A political action committee affiliated with the Baton Rouge Area Chamber has quietly given $5,000 each to East Baton Rouge Parish School Board candidates Daniel Banguel and Robert Maxie Sr. despite opting initially not to support them.

BRAC spokeswoman Ansley Zehnder said the contributions by FuturePAC are not formal endorsements of Banguel and Maxie, but are signs of support. She explained that the political action committee’s board “became impressed by the candidates’ messaging and platforms as the campaigns have evolved.”

According to campaign finance reports, the two contributions were given on Oct. 13 and 14, a week after FuturePAC announced its endorsements. Like Banguel and Maxie, those endorsed received $5,000 each. The PAC’s total giving this election cycle stands at $37,500.

Banguel is taking on incumbent Vereta Lee in District 2 and Maxie is challenging incumbent Tarvald Smith in District 4.

Baton Rouge businessman Lane Grigbsy, however, remains far and away the top donor so far this election cycle. The total spending to date by Grigsby, his family members and top executives at his company, Cajun Industries, stands at almost $200,000.

That is slightly more than half of the $376,000 in contributions reported by the candidates and a handful of outside groups.

The election is Tuesday with a Dec. 6 runoff, if necessary.

Fifteen of the 17 candidates listed on the Nov. 4 ballot for East Baton Rouge Parish School Board have filed reports covering activity between Sept. 26 and Oct. 15. Some candidates have filed special reports since, required for individual contributions of $1,000 or expenses exceeding $250. Collectively, they detail about $124,000 in fundraising and more than $128,000 in spending during that period.

The reports, which are posted online, were due to the Louisiana Board of Ethics at midnight Monday and are the last ones required before Tuesday’s election.

Grigsby has spent hundreds of thousands of dollars in recent years backing candidates who support business-backed reforms of public education.

During the three weeks covered in the latest reports, Grigsby and affiliated donors contributed another $39,000 for East Baton Rouge Parish School Board elections. The candidates he’s supporting are typically raising and spending far more money than their opponents.

The two teacher unions, which oppose many of Grigsby’s reforms, came off the sidelines to support the opponents of Grigbsy and the chamber. The unions, though, reported only $9,500 in contributions so far, just a fraction of what local business leaders are spending.

The Louisiana Federation of Teachers’ political action committee gave a total of $8,000 to seven School Board candidates.

LFT recipients include incumbents Lee, Smith and Mary Lynch, who all received $1,500. Kenyetta Nelson-Smith, who has already won re-election, received $1,000. In something of a surprise, the federation’s PAC gave $500 to District 7 incumbent Barbara Freiberg, who is also supported by FuturePAC and Grigsby.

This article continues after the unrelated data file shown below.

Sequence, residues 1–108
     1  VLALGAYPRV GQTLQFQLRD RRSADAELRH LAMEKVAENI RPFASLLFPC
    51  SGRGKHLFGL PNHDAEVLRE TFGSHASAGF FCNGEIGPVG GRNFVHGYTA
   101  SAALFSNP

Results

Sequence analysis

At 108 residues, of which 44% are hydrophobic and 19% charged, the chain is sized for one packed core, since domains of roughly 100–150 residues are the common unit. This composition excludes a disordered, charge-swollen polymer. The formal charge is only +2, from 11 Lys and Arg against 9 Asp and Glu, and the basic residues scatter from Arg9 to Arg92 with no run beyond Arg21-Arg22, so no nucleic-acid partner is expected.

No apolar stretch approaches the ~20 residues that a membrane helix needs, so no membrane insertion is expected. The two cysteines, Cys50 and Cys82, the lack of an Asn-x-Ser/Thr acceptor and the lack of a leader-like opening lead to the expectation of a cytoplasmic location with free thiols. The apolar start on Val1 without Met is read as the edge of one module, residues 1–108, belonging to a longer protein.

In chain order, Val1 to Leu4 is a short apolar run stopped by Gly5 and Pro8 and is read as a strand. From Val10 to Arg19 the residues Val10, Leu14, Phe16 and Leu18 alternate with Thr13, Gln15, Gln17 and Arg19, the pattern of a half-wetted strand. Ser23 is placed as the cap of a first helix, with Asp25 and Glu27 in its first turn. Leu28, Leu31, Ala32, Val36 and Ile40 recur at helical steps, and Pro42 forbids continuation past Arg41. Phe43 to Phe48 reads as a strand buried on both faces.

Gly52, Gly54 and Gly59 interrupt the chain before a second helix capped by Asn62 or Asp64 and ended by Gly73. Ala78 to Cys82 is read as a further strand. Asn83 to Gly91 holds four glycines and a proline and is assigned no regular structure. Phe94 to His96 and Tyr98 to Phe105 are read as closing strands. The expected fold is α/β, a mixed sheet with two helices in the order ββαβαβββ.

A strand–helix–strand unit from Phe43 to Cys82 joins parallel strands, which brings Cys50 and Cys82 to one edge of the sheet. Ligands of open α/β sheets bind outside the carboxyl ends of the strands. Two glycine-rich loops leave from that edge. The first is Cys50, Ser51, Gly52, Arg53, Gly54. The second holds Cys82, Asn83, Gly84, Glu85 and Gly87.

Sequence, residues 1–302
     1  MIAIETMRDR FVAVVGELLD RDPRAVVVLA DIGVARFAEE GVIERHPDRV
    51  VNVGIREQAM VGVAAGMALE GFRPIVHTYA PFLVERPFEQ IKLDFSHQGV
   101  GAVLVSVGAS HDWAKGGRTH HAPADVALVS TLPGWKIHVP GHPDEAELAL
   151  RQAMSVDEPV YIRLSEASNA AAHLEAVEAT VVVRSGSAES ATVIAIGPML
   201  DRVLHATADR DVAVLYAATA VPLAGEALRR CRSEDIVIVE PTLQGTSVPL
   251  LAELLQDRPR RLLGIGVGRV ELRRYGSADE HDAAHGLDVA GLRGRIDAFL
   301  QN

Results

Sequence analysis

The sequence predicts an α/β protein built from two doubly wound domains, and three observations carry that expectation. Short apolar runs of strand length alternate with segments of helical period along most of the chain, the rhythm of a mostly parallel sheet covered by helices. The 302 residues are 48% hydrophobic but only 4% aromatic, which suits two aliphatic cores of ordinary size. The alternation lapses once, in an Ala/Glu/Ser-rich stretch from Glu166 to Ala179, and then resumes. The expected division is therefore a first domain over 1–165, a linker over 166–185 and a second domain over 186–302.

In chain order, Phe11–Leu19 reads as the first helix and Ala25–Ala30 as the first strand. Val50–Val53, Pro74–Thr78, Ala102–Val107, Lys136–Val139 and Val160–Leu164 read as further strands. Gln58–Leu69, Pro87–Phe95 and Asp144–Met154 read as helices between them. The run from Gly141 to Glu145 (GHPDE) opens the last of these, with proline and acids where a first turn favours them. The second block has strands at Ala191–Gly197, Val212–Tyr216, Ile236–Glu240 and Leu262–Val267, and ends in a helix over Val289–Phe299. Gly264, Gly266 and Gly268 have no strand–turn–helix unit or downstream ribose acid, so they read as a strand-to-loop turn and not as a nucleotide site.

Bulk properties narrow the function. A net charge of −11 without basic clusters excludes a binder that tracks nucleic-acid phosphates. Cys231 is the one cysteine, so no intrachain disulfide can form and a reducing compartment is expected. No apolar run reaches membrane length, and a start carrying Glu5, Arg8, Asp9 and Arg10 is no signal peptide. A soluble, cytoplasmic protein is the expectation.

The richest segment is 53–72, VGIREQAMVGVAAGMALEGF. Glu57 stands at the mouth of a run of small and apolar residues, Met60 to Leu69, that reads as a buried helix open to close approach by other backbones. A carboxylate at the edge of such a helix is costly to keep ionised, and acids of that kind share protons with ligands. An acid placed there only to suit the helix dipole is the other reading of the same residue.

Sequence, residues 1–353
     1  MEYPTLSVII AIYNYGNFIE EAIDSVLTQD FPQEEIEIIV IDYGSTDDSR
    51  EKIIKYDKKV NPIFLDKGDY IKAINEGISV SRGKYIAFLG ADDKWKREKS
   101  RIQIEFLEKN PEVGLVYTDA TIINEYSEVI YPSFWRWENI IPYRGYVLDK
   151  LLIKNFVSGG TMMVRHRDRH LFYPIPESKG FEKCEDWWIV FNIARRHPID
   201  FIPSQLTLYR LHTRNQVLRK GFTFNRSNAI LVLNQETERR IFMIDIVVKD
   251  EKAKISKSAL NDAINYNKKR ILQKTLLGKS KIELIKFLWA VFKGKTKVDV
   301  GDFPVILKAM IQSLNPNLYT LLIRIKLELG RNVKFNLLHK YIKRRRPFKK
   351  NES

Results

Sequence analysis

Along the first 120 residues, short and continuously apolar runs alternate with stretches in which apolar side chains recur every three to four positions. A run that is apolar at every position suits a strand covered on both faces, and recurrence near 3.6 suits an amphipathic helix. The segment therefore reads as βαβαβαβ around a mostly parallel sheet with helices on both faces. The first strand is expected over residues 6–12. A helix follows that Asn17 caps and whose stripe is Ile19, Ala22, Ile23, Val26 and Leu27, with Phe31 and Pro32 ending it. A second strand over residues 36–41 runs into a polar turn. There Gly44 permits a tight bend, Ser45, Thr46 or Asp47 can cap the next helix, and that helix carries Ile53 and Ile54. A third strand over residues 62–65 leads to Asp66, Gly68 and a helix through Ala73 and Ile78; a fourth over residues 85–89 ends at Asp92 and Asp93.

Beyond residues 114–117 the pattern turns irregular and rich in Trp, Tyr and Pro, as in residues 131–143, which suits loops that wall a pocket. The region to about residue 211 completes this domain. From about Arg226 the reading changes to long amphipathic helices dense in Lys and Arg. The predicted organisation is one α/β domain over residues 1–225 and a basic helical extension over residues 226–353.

The union also reported giving $1,000 each to two candidates in the District 5 race: retired educator Patty Merrick and W.T. Winfield.

Merrick and District 7 candidate Anthony Nelson were the only candidates not to file a campaign finance report by the Monday deadline.

The PAC of the rival union, the Louisiana Association of Educators, has reported giving just $1,500 so far, $750 each to Lynch and Smith.

Much of Grigsby’s money, about $125,000 so far, has gone into a political action committee he formed in August called Better Schools for Better Futures.

That group in late September formally endorsed six candidates in all six of the School Board races on Tuesday’s ballot. They include Banguel, Maxie and Freiberg, as well as incumbent Evelyn Ware-Jackson in the District 5 race. The group also supported Chris Bailey in District 8, who is challenging incumbent Connie Bernard, and Mark Bellue, one of two candidates seeking to unseat incumbent Lynch in the District 1 race.

A week ago, Better Schools quietly directed $1,500 to Lynch’s other challenger, Jennifer Andrews, for a direct mailer. Bobbi Grigsby, Lane’s wife, also agreed to contribute $2,500 to help cover part of the cost of the mailer. Meanwhile, Milton Graugnard, an executive at Cajun Industries, added another $2,500 to the Andrews campaign.

While Better Schools has not officially endorsed Andrews, spokesman Josh Howard said the group nevertheless liked Andrews when it interviewed her. Andrews is deputy director of Associated Professional Educators of Louisiana, or A+PEL, which takes pains to say it’s not a union.

“We found her principles to be centered around the kids and the betterment of the school district as a whole,” Howard said.

Andrews’ boss, A+PEL director Keith Courville, and his wife, Rosemary, gave $50 to Better Schools earlier this month. Howard said that donation played no factor in Better Schools’ support of Andrews.

The group Stand for Children, which recruited candidates to run for School Board, has given $7,500 total so far to four candidates, Banguel, Bellue, Maxie and Ware-Jackson. Banguel and Ware Jackson have the most, $2,500 each.

School Board President David Tatman, who won re-election to District without opposition, has drawn $7,000 so far from the war chest he didn’t have to use to help select candidates. He gave $1,000 each to Bellue, Freiberg and Ware-Jackson in September. In October, he gave Bellue and Ware-Jackson another $1,500, and gave $1,500 for the first time to Banguel.